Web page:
Sparking the Youth’s Entrepreneurial Revolution
The youth will play a crucial role in the future of the country’s economy with 70 percent of the Philippine population aged below 30. The Department of Trade and Industry (DTI) recognizes by identifying young entrepreneurs as the nation’s hope. However, reforms must be made in the educational system to help them reach their full potential. “If we want to make smarter entrepreneurs, we should start by changing the mindset of the young through the establishment of entrepreneurship education,” Sec. Ramon Lopez, Chairperson of the DTI said.
Sec. Lopez posed this challenge at the 6th UNESCO-APEID (Asia-Pacific Programme of Educational Innovation for Development) Meeting on Entrepreneurship Education held in Manila. The three-day conference brought together delegates, educators, and policy makers from UNESCO, DTI, and the Commission on Higher Education (CHED) to discuss how to advance youth entrepreneurship in the Asia-Pacific region.
TIn his keynote speech, Sec. Lopez stressed the importance of collaboration among nations to progress as a collective: “This meeting is an opportunity for our countries to learn from each other in advancing entrepreneurship education in our society.”
THe specified the steps needed to achieve this goal and highlighted the importance of the youth’s role in national development. “The way to foster an entrepreneurial mindset is establishing a more advanced ecosystem, policies, and programs for competence building. That is what this meeting is all about: establishing an innovative entrepreneurship education that would reshape the mindset of the youth towards the journey of entrepreneurship,” Sec. Lopez said.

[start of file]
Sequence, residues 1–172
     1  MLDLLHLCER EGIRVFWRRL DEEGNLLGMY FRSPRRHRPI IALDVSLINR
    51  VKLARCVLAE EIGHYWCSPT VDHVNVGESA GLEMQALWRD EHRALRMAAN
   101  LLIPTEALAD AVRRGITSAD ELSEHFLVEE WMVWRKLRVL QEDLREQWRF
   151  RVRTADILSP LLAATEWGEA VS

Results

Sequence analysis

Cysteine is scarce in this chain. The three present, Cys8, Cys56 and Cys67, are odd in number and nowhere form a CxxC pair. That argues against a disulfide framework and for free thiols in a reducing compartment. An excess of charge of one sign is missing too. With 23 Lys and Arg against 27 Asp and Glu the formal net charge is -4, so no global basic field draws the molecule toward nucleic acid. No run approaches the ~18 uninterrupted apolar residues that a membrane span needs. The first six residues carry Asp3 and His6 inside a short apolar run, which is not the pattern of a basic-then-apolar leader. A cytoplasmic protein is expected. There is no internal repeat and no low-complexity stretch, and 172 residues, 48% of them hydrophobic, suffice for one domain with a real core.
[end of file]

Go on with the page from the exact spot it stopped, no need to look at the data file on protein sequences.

TSec. Lopez added: “Our young entrepreneurs can help create stability and drive sustainable development via economic growth, employment generation, innovation, and poverty alleviation.”
Here are some insights from this year’s UNESCO-APEID Meeting:
Creating policies aligned with ASEAN’s developmental goals
TTo be aligned with ASEAN’s developmental goals, government policies must be formed to support young entrepreneurs and their businesses. The approval of Republic Act No. 10679, also known as the Youth Entrepreneurship Act, was a step forward in this direction. “With this law, government agencies like DTI, CHED, the Department of Education (DepEd), and the Technical Education and Skills Development Authority (TESDA) are obliged to develop and promote entrepreneurship and financial literacy among the youth,” Sec. Lopez said.
Better equipped universities
TIn order to set a strong foundation for future business owners, universities must have the necessary tools for educating them. CHED Chairperson Dr. Patrcia Licuanan addressed this need in her speech: “All institutions offering BS Entrepreneurship must be able to provide a business incubation facility that must be equipped with a business center that provides students access to conference rooms, computer units with internet, telephone lines, facsimiles and the like.”
TPart of CHED’s efforts in preparing future entrepreneurs is to form them into tech-savvy individuals through the implementation of a mandatory 3-unit elective on Technopreneurship included in the New General Education Curriculum that takes effect in 2018. “In early 2015, CHED inked a memorandum of understanding with the Philippine S&T Devolopment Foundation Manila Inc. (PhilDev S&T) with the goal of producing Filipino engineers who can transform their ideas and innovations into economic enterprises,” Dr. Licuanan explained.
TDr. Licuanan’s speech highlighted the opportunity to further support the vital role of women in economic development. “An international study on entrepreneurship revealed that 70 percent of small and medium-sized enterprise (SME) start-ups in the Philippines are led by women,” she stated.
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